Mortgage lenders are restricting their best deals to borrowers who apply direct, effectively cutting out most of the broker market.

Those who use an adviser to help choose the best deal may therefore miss out on the cheapest rates (see the Remortgage Guide and First-Time Mortgage Guide).

This could mean a £5,000 loss on a typical £200,000 property over two years if you fail to spot the top direct-only deals.

Those borrowing a large percentage of their property's value, known as the loan-to-value (LTV), will find the biggest differences in direct-only and broker-accessible rates.

Over 50% of mortgage deals are now only available via a bank or building society branch or via their telephone or internet channels, compared to less than a quarter in April 2007.

Accessing the best deals without paying a fee now requires a lot more leg-work as you need to search numerous comparison sites and the high street to get a decent selection of the best deals.

Three years ago, a broker could sell you most deals.

Some lenders, such as First Direct, HSBC and Yorkshire Building Society have only sold direct deals for years.

But since the credit crunch began, numerous other lenders, that sell loans via brokers, have developed separate products only available direct.

Dominance of direct-only

Data from personal finance information service Moneyfacts showed by the end of last week that 50.9% of all mortgages were only available direct from a lender. Some 34.1% were accessible exclusively via brokers, while 15% were available via both channels.

In April 2007, 22% of deals were available direct-only, 25.8% via a broker-only and 52.2% via either route, according to data firm Defaqto.

Research from broker Abacus Associates shows on a number of typical scenarios on a typical £200,000 property, mortgages accessible to brokers are often far more expensive than direct-only deals. See the table below.

How direct-only deals triumph (on £200,000 property)
Top direct deal
Cost over term (i)
Top broker deal
Cost over term (i)
Profit going direct
2-year fix, 90% LTV Britannia, 4.99%, £499 fee £25,658 Halifax, 6.79%, £497 fee £30,639 £4,981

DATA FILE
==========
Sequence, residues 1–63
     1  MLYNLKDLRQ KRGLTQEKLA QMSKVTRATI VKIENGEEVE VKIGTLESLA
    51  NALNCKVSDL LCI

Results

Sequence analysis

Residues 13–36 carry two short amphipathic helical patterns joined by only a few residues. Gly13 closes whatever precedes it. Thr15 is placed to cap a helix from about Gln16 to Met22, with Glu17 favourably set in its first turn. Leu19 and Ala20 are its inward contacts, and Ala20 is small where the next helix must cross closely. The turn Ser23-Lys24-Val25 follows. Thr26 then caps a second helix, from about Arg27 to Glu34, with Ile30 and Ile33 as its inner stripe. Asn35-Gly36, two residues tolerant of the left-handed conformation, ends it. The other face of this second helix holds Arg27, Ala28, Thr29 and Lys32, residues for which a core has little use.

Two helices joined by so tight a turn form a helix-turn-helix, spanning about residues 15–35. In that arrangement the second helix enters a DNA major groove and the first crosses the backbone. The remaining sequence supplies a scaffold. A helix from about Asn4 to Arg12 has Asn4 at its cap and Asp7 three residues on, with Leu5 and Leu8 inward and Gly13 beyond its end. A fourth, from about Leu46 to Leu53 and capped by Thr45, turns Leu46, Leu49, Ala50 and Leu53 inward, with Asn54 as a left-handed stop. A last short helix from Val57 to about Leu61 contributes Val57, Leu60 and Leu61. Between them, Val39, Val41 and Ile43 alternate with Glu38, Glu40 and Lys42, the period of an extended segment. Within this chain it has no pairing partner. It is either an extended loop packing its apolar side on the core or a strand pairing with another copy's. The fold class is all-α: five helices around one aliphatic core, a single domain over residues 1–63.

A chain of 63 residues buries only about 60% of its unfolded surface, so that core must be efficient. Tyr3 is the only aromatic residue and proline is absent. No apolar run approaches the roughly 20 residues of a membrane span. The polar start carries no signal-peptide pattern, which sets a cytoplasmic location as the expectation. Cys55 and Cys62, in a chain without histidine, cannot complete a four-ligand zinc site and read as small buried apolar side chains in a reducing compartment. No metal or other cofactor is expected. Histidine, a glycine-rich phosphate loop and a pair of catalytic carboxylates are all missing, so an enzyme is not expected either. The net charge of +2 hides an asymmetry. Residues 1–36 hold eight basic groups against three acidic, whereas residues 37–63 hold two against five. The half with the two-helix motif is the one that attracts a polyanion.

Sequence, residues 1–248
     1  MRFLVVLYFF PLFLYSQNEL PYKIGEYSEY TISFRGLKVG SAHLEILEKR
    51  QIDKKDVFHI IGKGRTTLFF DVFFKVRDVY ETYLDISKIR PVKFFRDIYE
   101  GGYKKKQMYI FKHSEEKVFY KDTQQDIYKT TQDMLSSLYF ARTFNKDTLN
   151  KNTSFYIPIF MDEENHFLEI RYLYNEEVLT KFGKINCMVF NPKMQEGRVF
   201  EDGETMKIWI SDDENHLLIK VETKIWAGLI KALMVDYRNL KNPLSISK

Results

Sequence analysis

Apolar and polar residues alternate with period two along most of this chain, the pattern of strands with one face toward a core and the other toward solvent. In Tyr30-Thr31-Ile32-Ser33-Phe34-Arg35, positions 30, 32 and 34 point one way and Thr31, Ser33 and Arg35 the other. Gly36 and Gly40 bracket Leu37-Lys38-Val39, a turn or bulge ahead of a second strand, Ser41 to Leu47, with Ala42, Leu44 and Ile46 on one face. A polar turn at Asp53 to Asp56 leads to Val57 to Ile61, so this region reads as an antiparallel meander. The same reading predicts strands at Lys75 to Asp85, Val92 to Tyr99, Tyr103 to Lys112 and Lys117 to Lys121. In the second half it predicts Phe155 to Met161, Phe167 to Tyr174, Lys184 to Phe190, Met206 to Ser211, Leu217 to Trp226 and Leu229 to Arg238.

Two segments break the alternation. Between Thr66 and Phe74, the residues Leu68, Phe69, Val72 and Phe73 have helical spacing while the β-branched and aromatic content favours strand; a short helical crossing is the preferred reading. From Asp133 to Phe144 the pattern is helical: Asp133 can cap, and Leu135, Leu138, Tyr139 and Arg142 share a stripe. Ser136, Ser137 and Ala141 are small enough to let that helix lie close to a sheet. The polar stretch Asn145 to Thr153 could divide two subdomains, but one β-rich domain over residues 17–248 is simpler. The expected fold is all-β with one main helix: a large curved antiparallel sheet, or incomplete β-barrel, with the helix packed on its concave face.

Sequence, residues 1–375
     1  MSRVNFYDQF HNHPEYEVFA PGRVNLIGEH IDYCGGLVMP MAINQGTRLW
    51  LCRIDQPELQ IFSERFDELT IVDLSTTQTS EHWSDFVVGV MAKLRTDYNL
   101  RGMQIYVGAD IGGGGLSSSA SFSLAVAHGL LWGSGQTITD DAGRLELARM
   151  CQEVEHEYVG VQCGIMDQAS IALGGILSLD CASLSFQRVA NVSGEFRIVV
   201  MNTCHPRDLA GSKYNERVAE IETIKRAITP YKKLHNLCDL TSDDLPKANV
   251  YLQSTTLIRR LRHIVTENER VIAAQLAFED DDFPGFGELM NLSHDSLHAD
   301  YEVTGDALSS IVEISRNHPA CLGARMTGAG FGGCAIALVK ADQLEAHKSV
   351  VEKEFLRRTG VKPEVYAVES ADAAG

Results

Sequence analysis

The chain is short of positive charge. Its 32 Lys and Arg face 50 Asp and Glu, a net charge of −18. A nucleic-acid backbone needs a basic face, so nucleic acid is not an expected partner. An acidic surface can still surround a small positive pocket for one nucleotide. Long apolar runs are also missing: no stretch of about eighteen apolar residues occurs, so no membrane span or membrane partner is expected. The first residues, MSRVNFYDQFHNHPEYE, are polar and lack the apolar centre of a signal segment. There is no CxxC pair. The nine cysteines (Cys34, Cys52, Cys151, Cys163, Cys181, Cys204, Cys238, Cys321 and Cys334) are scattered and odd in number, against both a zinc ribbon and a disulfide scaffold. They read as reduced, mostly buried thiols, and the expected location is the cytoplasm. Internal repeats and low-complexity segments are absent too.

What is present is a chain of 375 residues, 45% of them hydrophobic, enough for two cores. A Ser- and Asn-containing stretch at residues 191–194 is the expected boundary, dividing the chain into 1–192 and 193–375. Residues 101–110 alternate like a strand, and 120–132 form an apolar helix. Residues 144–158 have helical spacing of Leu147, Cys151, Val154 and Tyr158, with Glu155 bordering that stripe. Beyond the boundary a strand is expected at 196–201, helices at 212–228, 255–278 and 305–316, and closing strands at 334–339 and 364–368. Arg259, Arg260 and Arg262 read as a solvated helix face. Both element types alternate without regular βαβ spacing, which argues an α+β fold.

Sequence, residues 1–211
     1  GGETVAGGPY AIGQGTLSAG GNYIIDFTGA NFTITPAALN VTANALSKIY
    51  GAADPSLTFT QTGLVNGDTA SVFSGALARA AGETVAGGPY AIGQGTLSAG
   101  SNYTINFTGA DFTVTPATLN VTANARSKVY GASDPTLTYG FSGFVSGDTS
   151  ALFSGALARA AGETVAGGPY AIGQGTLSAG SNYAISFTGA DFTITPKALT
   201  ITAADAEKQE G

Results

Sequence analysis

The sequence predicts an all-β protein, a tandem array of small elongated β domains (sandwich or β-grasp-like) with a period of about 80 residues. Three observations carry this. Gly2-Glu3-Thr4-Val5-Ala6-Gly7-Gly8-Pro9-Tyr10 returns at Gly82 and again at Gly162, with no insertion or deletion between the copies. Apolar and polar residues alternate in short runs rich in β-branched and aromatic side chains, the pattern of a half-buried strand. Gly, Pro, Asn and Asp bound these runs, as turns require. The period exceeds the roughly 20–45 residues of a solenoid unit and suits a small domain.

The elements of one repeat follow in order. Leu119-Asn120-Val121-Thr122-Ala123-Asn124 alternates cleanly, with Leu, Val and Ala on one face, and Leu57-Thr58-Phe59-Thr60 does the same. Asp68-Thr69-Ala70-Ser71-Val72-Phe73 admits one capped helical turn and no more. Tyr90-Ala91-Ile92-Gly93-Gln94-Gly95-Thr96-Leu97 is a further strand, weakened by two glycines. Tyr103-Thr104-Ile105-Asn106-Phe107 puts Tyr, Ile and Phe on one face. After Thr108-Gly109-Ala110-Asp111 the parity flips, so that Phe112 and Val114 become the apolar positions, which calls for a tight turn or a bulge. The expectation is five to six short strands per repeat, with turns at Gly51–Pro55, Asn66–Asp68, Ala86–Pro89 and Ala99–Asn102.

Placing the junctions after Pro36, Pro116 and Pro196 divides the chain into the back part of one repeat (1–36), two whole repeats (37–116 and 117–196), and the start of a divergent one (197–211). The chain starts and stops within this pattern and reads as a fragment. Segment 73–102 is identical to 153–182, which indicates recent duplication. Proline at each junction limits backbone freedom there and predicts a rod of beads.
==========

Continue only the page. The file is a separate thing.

2-year fix, 75% LTV Yorkshire BS, 2.89%, £1,495 fee £17,150 Alliance & Leicester, 3.09%, £3,000 fee £17,936 £786
2-year variable, 75% LTV Yorkshire BS, 2.49%, £995 fee £16,383 Coventry BS, 2.49%, £999 fee £16,452 £69
2-year variable, 60% LTV HSBC, 1.99%, £999 fee £12,499 Alliance & Leicester, 2.29%, £2,400 fee £12,755 £256
5-year fix, 75% LTV Yorkshire BS, 4.25%, £995 fee £49,045 Principality BS, 4.84%, £499 fee £51,745 £2,700
Source: Abacus Associates, correct on 12 July. Does not include important criteria which may make deals unsuitable. Variable rates assume base rate remains 0.5% (i) Assumes arrangement/booking fee added to loan with other fees paid upfront; based on repayment mortgage; some deals include cashback which has been factored in.

Martin Lewis, creator, says: "The logical conclusion is fewer people will end up getting advice, meaning more will be at the mercy of lenders' spin on a very complex product.

"The worry is heightened by lenders taking a leaf out of the credit card industry's book, and beginning to impose hard-to-spot stealth fees and charges. The regulator, the Financial Services Authority (FSA), or its successor, needs to crack down on this cynical practice."

Brokers can still recommend a direct-only deal but they will not be paid commission (a large part of their income) and usually cannot apply on your behalf, meaning you do the paperwork.

The FSA says a 'whole of market' broker is expected to alert consumers if better deals are available direct from lenders, though it is under no obligation to point to a specific product.

'Whole of market' is an official term which refers to a broker that scours all the mortgages available to it, or a representative sample of available deals, which does not literally mean the whole of the market.

New broking model

Some previously fee-free brokers now charge to search all mortgage deals, though if they recommend a direct-only loan, you'll usually have to apply yourself.

We are currently reviewing our mortgage broker finding guide in light of the surge in direct-only deals, and the emergence of this new type of broker. When the guide is updated, we will alert you via the free weekly email.

If you go it alone, hidden criteria such as what type of property a bank or building will lend on or in what areas of the country they will lend could stump you, leading to a needless application and subsequent damage to your credit history (see the Credit Rating guide).

For all but the financially-savvy, it's often best to use a broker due to the complexity of the mortgage market, as demonstrated immediately above.

While you may have to do some additional work to find direct-only deals, always discuss your findings with a broker as a direct lender may not be suitable, even if its rates are attractive.

Brokers, such as fee-free adviser London & Country, should compare direct-only deals against the top broker-accessible loans when you mention one, even though it may not recommend one in the first place.

Matthew Fleming-Duffy, from Abacus, says: "Whilst there have always been lenders that have not dealt with mortgage brokers, we are now experiencing a situation where most of the mortgage best-buys are simply not available to brokers.

"We must remember that brokers fulfil a valuable role in comparing deals available to you based on your circumstances."

Further reading/Key Links

Mortgage cost-cutting guides: The Remortgage guide, First-time Mortgage Guide, Cheap mortgage finding, Ditch my fix?